Efficiency and its Implications
We can all agree that efficiency is generally a good thing, right? Efficiency is a lack of waste, a best use of the resources available (i.e. doing the best you can with what you have). Thinking about all of the resources in a given country (including human labor), how can these resources be used most efficiently, and consequently, what economic organization system best promotes this efficiency?
Throughout history, we have basically seen two general philosophies arise in the large scale management of resources. One system entrusts the responsibility of efficiently allocating resources to a small group of powerful, “educated” people. The other approach is the polar opposite where the responsibility for allocation of resources is pushed down to and spread out among individual citizens, with little or no input from oligarchical figures. The question at the very core of the issue is can a small group of smart, even benevolent humans make better micro/macro resource allocation decisions than the overall body of citizens pursuing their own interests?
I believe this video (based on a famous essay by Leonard E. Read) answers the philosophical question far more eloquently than I ever could: http://www.youtube.com/watch?v=IYO3tOqDISE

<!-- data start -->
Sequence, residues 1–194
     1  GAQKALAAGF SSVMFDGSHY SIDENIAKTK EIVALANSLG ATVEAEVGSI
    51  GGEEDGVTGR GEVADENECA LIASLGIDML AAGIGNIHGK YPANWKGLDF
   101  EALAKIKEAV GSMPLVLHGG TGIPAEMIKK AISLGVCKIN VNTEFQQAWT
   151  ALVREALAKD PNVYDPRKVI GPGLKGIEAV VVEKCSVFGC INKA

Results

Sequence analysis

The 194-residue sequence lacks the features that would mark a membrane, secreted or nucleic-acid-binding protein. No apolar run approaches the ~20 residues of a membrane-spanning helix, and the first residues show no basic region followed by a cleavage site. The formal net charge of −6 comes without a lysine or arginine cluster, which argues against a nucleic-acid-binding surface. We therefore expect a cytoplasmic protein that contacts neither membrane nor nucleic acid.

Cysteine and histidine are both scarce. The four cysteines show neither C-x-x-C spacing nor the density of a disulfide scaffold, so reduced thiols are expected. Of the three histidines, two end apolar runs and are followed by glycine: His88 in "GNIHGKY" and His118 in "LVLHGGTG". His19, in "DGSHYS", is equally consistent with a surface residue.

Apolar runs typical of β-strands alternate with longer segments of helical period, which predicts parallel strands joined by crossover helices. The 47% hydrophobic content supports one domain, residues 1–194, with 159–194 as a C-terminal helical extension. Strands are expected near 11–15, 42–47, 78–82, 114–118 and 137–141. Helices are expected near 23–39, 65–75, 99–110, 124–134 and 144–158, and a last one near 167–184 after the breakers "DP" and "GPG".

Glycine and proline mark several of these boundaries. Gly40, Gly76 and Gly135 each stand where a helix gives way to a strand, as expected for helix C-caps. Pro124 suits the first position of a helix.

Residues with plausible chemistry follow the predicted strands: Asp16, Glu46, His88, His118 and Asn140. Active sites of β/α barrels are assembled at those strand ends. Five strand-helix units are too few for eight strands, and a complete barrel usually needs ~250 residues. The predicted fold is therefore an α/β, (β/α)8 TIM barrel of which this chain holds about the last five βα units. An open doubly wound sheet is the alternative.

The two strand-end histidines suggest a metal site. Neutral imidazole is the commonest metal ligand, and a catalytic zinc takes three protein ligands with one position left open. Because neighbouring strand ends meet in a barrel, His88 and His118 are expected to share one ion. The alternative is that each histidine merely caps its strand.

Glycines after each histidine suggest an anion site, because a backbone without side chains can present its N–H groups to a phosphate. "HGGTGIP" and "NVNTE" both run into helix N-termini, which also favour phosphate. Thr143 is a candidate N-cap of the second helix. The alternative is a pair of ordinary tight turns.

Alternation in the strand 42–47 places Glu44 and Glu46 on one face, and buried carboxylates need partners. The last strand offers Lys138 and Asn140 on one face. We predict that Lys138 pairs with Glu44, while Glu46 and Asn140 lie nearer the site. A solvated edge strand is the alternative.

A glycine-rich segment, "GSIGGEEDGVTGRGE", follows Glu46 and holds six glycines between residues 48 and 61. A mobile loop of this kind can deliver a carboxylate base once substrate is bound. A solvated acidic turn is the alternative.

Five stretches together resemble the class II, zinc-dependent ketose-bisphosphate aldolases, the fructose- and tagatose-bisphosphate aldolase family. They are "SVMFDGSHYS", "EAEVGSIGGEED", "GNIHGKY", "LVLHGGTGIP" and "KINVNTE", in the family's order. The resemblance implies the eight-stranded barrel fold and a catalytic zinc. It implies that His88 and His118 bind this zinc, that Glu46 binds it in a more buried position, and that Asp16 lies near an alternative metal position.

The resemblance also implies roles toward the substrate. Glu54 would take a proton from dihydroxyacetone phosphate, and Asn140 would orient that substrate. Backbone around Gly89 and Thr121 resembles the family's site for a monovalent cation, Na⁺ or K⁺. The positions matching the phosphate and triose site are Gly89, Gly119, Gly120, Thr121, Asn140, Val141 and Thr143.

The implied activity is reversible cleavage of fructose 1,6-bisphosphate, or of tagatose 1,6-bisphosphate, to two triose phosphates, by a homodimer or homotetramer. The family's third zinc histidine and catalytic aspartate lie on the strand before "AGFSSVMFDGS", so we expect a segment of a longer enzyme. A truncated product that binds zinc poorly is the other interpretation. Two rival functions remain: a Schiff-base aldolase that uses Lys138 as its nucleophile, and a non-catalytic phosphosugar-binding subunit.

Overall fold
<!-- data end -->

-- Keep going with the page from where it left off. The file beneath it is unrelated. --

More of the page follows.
Does history provide us with empirical evidence of a superior system for efficiently allocating scarce resources? I think the best way to understand the effect of real world variables on a theory is to simply look at examples of where the theory was applied in the real world. We are fortunate to have substantial historical data showcasing the legitimacy of these theories in real world application. Some prime examples of the differing ideologies in application might be the Soviet Union and the United States, or South Korea and North Korea. A bit of reading and research will reveal that the oligarchical economic systems tend to be plagued by shortages and surpluses (yes, surpluses are bad too – they imply that resources were over-allocated to that area, and as a result, were not used efficiently to produce something else that may have been needed more). While shortages and surpluses certainly exist in free market economies, history shows us that they are orders of magnitude less prevalent. I, Pencil explains the free market’s superiority over central planning by showing us that even the production of a pencil is far too complex to be efficiently organized by a central planner.
If we are looking to end hunger for example, and understand that agricultural resources are not unlimited, should we choose the system characterized by waste or that which promotes resource efficiency? And if we are convinced that many free individuals can better allocate resources than central planners, how far can we take that? Does this theory of free market resource allocation efficiency work in some sectors of an economy, and not in others? I intend to explore and evaluate some common beliefs about limitations of a free market in coming posts.